“To accommodate a four-day week, that would be a 10- to 11-hour day for our trainees, which would be extremely tiring for them and may affect the learning outcomes, on top of being unsustainable to the well-being of our trainees,” said the firm’s chief executive, Benjamin Tan.

“For trainers, it is more effective for them to follow through with the students on specific modules, rather than stagger them for the sake of a four-day week, which would compromise learning outcomes.”

SHORTER WORK WEEK NOT BE ALL, END ALL

For some companies, the transition to shorter work weeks may be made easier if they can adopt high-productivity practices — and the Government can help with the latter by offering subsidies or grants, experts told TODAY.

However, they also acknowledged that a four-day-work-week solution may not be applicable to all businesses or industries.

It would thus be unrealistic to expect the Government to implement such a policy nationwide.

“While many industries can adapt to shorter work weeks, those that rely heavily on physical presence or customer service may face more significant challenges. Industries with highly specialised roles may also need to find creative solutions,” said Mr Naito of Reeracoen.

Even the biggest trial of shorter-work week practices in the UK facilitated by 4 Day Week Global saw companies implementing different ways of shortening work hours tailored to their respective operational needs, the experts noted.

With Singaporeans, by and large, still working longer than the expected 40-hour week, experts said that the big shift to a four-day week might not be likely.

“For Singapore, a transition to a 4.5-day work week may be more realistic given our (work) culture,” said Mr Bedi, who is Asean workforce advisory leader at EY.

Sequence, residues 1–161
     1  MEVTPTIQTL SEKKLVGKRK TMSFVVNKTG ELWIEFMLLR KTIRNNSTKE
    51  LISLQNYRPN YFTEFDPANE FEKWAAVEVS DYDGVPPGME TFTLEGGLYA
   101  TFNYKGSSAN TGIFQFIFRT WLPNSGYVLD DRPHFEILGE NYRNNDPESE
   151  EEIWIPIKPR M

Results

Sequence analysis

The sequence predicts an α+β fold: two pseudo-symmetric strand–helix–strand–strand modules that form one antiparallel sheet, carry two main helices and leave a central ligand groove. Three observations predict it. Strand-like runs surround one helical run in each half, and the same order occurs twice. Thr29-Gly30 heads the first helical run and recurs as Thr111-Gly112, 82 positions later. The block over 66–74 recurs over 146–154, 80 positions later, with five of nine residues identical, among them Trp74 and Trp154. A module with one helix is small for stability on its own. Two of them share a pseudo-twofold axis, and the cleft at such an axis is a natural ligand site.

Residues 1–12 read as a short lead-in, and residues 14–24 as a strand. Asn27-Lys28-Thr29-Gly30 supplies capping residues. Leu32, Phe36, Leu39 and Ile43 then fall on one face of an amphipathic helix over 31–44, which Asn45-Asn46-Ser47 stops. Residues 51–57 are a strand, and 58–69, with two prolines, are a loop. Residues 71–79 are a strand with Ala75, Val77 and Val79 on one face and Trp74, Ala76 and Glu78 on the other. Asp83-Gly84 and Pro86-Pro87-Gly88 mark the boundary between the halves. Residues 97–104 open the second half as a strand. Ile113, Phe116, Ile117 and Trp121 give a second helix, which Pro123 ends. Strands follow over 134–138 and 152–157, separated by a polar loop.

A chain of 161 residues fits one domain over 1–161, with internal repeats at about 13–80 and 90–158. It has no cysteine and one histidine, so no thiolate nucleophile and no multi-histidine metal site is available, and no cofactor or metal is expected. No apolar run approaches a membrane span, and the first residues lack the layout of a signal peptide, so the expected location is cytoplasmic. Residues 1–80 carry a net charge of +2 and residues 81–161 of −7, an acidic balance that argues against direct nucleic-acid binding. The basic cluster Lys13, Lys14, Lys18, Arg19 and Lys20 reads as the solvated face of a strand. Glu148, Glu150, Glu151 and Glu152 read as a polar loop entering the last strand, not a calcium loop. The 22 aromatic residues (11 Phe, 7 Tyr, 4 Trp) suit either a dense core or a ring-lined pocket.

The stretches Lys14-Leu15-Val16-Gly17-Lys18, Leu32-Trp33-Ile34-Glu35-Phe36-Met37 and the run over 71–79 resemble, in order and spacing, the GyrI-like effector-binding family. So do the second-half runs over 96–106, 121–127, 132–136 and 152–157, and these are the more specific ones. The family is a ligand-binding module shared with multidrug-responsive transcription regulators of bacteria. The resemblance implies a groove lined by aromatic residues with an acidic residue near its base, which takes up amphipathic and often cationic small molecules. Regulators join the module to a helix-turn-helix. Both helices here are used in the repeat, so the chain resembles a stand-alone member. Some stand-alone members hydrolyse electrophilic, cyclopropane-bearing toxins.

“And it requires the participation of the entire ecosystem — including workers, businesses, unions, trade associations and chambers and the Government.”

Assoc Prof Theseira from SUSS said that as things stand currently, one of the more immediate things that can be worked on to improve workers’ welfare is “bringing work hours more in line with the statutory norm to begin with, rather than straight jumping into four days (work week)”.

He added that employees can be offered more time away from work not necessarily by cutting down the number of days in a work week, but through giving additional leave and time-off entitlements and other flexible work arrangements. 

Ultimately, a four-day work week is not the be all, end all.

“It cannot be assumed that once this policy is implemented, the staff will be automatically happy,” said Mr Nam of Page Executive.

Agreeing, Assoc Prof Yu of NTU said: “It would only succeed if a high level of trust exists between management and employees, where autonomy, empowerment, and flexibility are essential attributes of work culture in place of presenteeism and micromanagement.”  

On the other hand, if not implemented properly, shortening the work week may lead to workers experiencing more stress from having to complete the same amount of work under tighter time constraints.

“It is a bit counter-intuitive, as the purpose of a shorter work week is to promote work-life balance,” said Mr Nam.